Glia has also been trying to resolve distributed-fabrication issues. Initially, APIL had to decline help from small teams with one or two printers, because it had no effective system for tracking their work. Mashari’s team has been developing methodology and software to communicate with these small shops, put quality control measures in place, and manage shipping.
“A critical need is a financial model that lets us reimburse small shops for their contributions,” Mashari says. “Many of these people are out of work and could use the cash. Glia has been subsidizing the filament costs from the beginning. Right now, there’s no shortage of money for health care; the shortage is in supplies and production capacity. If they are contributing, they should be compensated.
“We are trying to create an alternative model for developing high-quality, regulatory-approved medical devices,” Mashari continues. “We need a model that is more resilient to acute needs, that can adjust rapidly to changing circumstances, and that can address the cost and accessibility of medical devices, which are unavailable to most of the world. We are frightened now in Canada and the US by the possibility of huge numbers of people needing ventilators and not being able to get them. But that is everyday reality in 80% of the world.”
The decentralized-manufacturing problem exists whether the end product is 3D printed or not. There is an advantage in centralized purchasing of raw materials. “We have been supplying the filament for 3D printing and distributing it to the printer pods,” Mashari says. “We can do that because they are geographically close to us. But if we distributed manufacturing across the country, that model would not work.”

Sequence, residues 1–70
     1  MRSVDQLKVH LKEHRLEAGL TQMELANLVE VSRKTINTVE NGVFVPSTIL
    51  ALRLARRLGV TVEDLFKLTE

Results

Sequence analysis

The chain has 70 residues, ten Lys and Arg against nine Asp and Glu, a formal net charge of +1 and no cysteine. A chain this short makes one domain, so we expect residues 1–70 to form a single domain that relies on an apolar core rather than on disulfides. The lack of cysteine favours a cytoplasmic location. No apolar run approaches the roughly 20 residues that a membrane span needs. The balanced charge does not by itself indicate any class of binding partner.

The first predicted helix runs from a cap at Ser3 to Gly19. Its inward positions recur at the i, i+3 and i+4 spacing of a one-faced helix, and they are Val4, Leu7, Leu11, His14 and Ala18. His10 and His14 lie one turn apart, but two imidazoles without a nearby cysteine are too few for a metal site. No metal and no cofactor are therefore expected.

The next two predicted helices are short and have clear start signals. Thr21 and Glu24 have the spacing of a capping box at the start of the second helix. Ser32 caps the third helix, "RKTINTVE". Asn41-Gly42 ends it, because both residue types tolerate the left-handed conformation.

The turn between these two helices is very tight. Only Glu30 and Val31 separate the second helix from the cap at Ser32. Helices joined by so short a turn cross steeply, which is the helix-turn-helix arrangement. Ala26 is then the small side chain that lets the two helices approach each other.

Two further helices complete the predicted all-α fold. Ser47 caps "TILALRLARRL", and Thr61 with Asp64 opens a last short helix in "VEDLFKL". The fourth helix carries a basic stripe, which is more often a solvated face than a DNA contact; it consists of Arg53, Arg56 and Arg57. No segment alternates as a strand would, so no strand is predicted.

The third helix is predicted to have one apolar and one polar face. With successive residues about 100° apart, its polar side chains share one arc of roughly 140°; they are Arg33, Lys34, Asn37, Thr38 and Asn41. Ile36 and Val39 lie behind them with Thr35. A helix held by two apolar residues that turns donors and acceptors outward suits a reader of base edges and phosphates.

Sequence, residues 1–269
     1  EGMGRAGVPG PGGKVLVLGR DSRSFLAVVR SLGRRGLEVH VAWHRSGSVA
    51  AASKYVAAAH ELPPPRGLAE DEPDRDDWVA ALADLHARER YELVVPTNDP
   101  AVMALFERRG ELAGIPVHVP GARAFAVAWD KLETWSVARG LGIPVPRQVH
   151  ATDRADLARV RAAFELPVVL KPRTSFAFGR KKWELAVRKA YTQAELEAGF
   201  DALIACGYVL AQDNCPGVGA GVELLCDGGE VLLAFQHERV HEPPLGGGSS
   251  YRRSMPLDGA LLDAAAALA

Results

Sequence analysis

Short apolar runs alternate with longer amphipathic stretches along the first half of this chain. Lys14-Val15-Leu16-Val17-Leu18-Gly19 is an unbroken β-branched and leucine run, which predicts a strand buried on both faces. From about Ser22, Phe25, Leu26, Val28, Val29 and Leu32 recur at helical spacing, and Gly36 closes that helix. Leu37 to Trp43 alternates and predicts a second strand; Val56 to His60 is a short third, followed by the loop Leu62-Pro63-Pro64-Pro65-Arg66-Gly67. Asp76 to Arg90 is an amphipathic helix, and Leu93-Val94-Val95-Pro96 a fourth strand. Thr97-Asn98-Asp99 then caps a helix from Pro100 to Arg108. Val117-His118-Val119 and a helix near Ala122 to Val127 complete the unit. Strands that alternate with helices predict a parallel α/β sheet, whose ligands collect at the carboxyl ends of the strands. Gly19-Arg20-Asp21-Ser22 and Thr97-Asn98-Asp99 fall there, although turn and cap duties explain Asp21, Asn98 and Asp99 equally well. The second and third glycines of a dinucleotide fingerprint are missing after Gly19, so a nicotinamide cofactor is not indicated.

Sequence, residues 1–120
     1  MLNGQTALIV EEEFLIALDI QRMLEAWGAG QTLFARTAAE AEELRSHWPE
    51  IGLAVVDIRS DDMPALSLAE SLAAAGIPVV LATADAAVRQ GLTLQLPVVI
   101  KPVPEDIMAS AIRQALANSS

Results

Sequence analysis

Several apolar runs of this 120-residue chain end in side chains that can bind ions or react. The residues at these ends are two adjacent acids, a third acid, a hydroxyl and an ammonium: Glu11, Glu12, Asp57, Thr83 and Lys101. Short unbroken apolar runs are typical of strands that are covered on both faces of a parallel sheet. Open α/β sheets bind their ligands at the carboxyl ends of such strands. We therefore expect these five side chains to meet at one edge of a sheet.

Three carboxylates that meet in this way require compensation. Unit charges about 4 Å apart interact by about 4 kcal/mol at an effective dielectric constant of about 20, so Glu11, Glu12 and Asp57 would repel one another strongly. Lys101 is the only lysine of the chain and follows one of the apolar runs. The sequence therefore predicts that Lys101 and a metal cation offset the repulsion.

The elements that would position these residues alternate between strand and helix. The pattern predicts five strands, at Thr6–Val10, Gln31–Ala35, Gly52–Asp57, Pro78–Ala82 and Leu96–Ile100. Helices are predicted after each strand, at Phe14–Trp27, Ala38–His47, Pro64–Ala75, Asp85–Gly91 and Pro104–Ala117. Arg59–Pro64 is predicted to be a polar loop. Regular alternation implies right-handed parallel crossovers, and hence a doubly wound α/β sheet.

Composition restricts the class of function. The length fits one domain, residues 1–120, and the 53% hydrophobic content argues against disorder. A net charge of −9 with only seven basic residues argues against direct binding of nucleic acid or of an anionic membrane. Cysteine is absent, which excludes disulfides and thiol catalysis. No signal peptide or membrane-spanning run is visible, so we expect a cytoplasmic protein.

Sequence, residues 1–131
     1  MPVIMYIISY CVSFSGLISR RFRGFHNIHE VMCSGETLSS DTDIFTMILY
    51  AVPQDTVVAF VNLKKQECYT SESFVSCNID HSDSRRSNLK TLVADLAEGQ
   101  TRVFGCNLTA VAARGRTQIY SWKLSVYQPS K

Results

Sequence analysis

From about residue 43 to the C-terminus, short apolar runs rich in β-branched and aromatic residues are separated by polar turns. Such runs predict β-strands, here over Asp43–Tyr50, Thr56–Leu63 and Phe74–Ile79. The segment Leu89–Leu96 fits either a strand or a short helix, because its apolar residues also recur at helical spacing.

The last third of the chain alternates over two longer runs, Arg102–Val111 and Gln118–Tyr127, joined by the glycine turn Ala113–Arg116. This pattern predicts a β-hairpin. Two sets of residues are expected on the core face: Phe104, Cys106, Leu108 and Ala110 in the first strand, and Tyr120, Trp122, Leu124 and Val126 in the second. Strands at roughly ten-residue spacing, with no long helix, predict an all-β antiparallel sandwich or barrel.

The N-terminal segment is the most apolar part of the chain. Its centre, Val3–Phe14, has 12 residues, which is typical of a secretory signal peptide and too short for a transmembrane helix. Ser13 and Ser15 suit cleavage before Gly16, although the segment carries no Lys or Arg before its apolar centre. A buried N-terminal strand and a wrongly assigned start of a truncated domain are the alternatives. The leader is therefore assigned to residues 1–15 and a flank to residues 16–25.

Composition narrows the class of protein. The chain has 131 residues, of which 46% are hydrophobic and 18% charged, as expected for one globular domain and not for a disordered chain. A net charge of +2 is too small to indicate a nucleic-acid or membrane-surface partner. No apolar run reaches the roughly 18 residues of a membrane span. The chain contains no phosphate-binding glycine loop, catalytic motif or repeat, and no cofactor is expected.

In addition to the logistics, the group needs to gather data for monitoring by Health Canada, the country’s health-care regulatory agency. Communicating design updates, capturing design flaws discovered by the fabricators, and reengineering those designs all are issues for which APIL and Glia are constantly updating protocols.
The speed with which distributed manufacturing can come online makes it a really strong adjunct to traditional manufacturing, Hiansen says, especially during a black swan disaster like the 2020 pandemic. “Our model is hyperlocal,” he says, “and we can set up local supply chains much faster than large manufacturers with global supply chains can react.”
“3D printing has attracted a lot of people with medical backgrounds and engineering backgrounds, but it hasn’t yet attracted a lot of people with business-administration backgrounds,” Mashari says. “Distributed manufacturing needs that kind of expertise now.”